### Abstract

When analyzing linear systems, one of the problems we often encounter is that of solving linear, constant-coefficient differential equations. A tool used for solving such equations is the Laplace transform. At the same time, to aid the analysis of linear systems, we extensively use Fourier-domain methods. With the advent of digital computers, it has become increasingly necessary to deal with discrete-time signals, or, sequences. These signals can be either obtained by sampling a continuous-time signal, or they could be inherently discrete. To analyze linear discrete-time systems, one needs a discrete-time counterpart of the Laplace transform (LT). Such a counterpart is found in the z-transform, which similarly to the LT, can be used to solve linear constant-coefficient difference equations. In other words, instead of solving these equations directly, we transform them into a set of algebraic equations first, and then solve in this transformed domain. On the other hand, the z-transform can be seen as a generalization of the discrete-time Fourier transform (FT) X(ejv) 1/4 XÞ1 n1/41 x[n]ejvn (5:1) This expression does not always converge, and thus, it is useful to have a representation which will exist for these nonconvergent instances. Furthermore, the use of the z-transform offers considerable notational simplifications. It also allows us to use the extensive body of work on complex variables to aid in analyzing discrete-time systems.

Original language | English (US) |
---|---|

Title of host publication | Fundamentals of Circuits and Filters |

Publisher | CRC Press |

Pages | 5-1-5-17 |

ISBN (Electronic) | 9781420058888 |

ISBN (Print) | 1420058878, 9781420058871 |

State | Published - Jan 1 2009 |

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### ASJC Scopus subject areas

- Engineering(all)
- Computer Science(all)

### Cite this

*Fundamentals of Circuits and Filters*(pp. 5-1-5-17). CRC Press.

**z-transform.** / Kovacevic, Jelena.

Research output: Chapter in Book/Report/Conference proceeding › Chapter

}

TY - CHAP

T1 - z-transform

AU - Kovacevic, Jelena

PY - 2009/1/1

Y1 - 2009/1/1

N2 - When analyzing linear systems, one of the problems we often encounter is that of solving linear, constant-coefficient differential equations. A tool used for solving such equations is the Laplace transform. At the same time, to aid the analysis of linear systems, we extensively use Fourier-domain methods. With the advent of digital computers, it has become increasingly necessary to deal with discrete-time signals, or, sequences. These signals can be either obtained by sampling a continuous-time signal, or they could be inherently discrete. To analyze linear discrete-time systems, one needs a discrete-time counterpart of the Laplace transform (LT). Such a counterpart is found in the z-transform, which similarly to the LT, can be used to solve linear constant-coefficient difference equations. In other words, instead of solving these equations directly, we transform them into a set of algebraic equations first, and then solve in this transformed domain. On the other hand, the z-transform can be seen as a generalization of the discrete-time Fourier transform (FT) X(ejv) 1/4 XÞ1 n1/41 x[n]ejvn (5:1) This expression does not always converge, and thus, it is useful to have a representation which will exist for these nonconvergent instances. Furthermore, the use of the z-transform offers considerable notational simplifications. It also allows us to use the extensive body of work on complex variables to aid in analyzing discrete-time systems.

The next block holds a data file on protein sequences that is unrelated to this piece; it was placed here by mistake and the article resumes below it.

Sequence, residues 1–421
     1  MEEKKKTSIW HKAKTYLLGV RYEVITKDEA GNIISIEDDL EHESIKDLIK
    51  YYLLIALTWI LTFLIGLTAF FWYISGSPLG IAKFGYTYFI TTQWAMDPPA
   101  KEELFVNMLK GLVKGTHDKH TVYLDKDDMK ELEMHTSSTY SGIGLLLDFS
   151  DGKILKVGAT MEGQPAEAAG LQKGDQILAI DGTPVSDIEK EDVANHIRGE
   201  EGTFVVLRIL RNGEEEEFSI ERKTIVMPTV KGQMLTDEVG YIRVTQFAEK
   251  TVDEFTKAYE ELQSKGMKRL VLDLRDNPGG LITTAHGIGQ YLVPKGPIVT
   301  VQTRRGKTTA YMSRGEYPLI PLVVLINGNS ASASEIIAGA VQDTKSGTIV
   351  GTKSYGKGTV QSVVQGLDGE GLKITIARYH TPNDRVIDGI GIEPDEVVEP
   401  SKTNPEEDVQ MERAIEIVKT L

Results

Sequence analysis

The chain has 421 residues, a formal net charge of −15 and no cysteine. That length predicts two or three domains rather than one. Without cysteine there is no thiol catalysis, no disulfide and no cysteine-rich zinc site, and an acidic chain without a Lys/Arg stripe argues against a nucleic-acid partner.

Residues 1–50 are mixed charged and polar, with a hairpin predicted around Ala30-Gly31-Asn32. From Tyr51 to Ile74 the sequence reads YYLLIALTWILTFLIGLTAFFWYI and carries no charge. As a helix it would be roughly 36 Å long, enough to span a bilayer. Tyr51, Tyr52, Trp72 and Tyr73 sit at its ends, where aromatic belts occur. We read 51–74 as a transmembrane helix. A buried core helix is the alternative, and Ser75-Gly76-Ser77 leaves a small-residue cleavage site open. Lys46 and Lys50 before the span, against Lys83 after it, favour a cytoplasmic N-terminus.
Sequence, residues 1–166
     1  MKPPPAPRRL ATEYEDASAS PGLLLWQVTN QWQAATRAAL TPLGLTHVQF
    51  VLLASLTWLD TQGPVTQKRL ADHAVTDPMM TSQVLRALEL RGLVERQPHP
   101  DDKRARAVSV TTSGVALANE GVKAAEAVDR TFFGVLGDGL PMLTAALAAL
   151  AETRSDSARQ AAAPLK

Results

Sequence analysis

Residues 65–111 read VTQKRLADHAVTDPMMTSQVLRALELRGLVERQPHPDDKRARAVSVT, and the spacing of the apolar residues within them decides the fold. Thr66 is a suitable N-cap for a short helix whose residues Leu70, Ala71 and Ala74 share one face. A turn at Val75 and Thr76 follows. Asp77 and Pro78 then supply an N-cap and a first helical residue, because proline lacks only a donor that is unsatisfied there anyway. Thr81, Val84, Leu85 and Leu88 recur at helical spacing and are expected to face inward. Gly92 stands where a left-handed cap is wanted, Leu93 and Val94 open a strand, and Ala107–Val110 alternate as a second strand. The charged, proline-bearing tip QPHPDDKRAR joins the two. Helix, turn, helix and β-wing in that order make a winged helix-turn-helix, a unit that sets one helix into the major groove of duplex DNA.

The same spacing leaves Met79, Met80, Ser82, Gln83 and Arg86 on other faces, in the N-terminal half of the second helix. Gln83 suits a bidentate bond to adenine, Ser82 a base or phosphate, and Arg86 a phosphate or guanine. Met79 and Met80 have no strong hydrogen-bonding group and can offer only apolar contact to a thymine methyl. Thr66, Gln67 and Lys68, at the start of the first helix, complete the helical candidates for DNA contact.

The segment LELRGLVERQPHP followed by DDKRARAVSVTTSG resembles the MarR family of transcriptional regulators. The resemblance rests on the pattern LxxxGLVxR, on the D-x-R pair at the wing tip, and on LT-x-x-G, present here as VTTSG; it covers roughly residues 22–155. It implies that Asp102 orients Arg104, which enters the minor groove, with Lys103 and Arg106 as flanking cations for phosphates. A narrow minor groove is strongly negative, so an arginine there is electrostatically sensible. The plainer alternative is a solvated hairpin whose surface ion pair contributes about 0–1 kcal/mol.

AB - When analyzing linear systems, one of the problems we often encounter is that of solving linear, constant-coefficient differential equations. A tool used for solving such equations is the Laplace transform. At the same time, to aid the analysis of linear systems, we extensively use Fourier-domain methods. With the advent of digital computers, it has become increasingly necessary to deal with discrete-time signals, or, sequences. These signals can be either obtained by sampling a continuous-time signal, or they could be inherently discrete. To analyze linear discrete-time systems, one needs a discrete-time counterpart of the Laplace transform (LT). Such a counterpart is found in the z-transform, which similarly to the LT, can be used to solve linear constant-coefficient difference equations. In other words, instead of solving these equations directly, we transform them into a set of algebraic equations first, and then solve in this transformed domain. On the other hand, the z-transform can be seen as a generalization of the discrete-time Fourier transform (FT) X(ejv) 1/4 XÞ1 n1/41 x[n]ejvn (5:1) This expression does not always converge, and thus, it is useful to have a representation which will exist for these nonconvergent instances. Furthermore, the use of the z-transform offers considerable notational simplifications. It also allows us to use the extensive body of work on complex variables to aid in analyzing discrete-time systems.

UR - http://www.scopus.com/inward/record.url?scp=85057449896&partnerID=8YFLogxK

UR - http://www.scopus.com/inward/citedby.url?scp=85057449896&partnerID=8YFLogxK

M3 - Chapter

SN - 1420058878

SN - 9781420058871

SP - 5-1-5-17

BT - Fundamentals of Circuits and Filters

PB - CRC Press

ER -